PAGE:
Shahbaz Senior resigns as PHF general secretary: PHF secretary general Shahbaz Ahmed Senior, in the last week of December, resigned from his position citing the government’s alleged apathy towards the national sport. Shahbaz, in his resignation, mentioned that since the government and the Inter-Provincial Coordination Ministry had no time for hockey than he too can’t spare any. “India’s annual budget for hockey is more than Rs1 billion, whereas the annual grant for hockey in Pakistan is only Rs3.5 million,” the former hockey captain pointed out. Shahbaz said there was no infrastructure for hockey in the country, and that the PHF had no asset or a system in place for the generation of funds. He said that the government had been informed several times but to no avail.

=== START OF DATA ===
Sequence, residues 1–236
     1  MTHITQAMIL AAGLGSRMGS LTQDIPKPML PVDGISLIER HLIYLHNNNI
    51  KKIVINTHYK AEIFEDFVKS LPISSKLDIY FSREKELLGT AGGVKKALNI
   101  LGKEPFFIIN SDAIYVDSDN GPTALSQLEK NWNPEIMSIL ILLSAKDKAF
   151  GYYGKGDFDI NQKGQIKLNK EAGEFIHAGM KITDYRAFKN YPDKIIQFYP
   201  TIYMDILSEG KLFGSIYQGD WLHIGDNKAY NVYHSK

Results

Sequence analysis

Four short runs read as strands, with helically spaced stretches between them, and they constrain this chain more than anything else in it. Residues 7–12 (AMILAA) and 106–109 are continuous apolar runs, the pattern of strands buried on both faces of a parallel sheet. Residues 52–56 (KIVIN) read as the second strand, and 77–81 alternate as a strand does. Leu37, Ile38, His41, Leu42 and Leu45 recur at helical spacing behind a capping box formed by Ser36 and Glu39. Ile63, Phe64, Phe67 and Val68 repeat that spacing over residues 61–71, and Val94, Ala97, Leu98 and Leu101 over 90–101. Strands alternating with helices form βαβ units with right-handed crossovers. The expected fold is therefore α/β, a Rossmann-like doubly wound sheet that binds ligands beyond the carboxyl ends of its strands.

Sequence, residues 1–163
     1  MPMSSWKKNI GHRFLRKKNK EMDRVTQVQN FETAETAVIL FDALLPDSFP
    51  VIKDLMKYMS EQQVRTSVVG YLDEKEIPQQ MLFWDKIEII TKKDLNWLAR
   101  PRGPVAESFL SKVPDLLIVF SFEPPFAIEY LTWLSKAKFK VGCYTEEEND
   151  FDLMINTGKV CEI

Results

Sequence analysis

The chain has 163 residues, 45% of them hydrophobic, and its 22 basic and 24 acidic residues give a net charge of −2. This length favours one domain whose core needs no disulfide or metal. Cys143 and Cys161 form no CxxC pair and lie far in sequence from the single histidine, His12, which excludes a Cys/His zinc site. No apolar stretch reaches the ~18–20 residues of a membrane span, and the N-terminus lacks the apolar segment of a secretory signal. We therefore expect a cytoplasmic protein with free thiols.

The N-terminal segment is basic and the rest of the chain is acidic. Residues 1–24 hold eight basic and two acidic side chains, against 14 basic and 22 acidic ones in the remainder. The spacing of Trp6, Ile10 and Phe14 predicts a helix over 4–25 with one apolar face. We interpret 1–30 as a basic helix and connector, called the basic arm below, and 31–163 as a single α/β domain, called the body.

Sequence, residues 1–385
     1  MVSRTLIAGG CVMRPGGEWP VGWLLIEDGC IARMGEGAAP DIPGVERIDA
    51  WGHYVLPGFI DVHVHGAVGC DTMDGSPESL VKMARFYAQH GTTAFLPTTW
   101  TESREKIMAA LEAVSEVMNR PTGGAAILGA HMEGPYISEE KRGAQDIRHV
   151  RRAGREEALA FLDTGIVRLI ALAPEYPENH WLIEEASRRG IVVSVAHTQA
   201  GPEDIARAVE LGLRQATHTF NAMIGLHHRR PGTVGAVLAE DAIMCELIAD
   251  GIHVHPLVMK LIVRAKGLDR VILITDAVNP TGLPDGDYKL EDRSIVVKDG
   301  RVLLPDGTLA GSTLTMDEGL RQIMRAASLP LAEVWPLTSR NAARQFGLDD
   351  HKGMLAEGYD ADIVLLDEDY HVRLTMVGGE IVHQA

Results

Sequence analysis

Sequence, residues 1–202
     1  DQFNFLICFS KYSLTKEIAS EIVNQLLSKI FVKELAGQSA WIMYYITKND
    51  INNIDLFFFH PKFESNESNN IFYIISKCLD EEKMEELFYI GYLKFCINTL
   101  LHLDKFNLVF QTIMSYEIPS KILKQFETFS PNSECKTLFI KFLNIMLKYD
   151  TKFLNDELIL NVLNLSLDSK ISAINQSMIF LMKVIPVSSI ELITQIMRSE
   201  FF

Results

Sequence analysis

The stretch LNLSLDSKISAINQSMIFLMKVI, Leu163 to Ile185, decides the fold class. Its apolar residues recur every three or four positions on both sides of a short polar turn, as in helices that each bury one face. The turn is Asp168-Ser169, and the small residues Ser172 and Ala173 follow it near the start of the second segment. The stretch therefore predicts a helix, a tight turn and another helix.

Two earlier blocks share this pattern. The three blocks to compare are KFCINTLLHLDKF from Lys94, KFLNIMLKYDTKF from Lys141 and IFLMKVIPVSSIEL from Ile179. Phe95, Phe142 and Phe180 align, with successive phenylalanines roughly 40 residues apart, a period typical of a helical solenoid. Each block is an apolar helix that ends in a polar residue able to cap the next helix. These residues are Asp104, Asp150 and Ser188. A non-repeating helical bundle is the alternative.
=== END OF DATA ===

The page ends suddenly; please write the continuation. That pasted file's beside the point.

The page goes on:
Throughout the year it seemed as if was is not about winning anymore, it was all about losing gracefully and coming up with excuses. Whether or not they are ready to participate in the upcoming tough assignments of 2019, the PHF has surely accumulated a nice list of excuses for face-saving, should the nation question them when they fail at the international assignments. Throughout the year, more often the results had been embarrassing to say the least with the Green-Shirts struggling to win against the second tier teams. A multitude of sins in management, selection and coaching always got covered up through one cliché or the other. Ignored were the slips in the selection and the secretive manipulation that go behind the scenes for personal gains and self-aggrandisment, with constructive criticism always a poor second to the waving of the flag. The statements given by the PHF top officials in the national media after the team’s insipid performances were aimed at to make people believe that the national outfit were doing well, and that there was light at the end of the tunnel.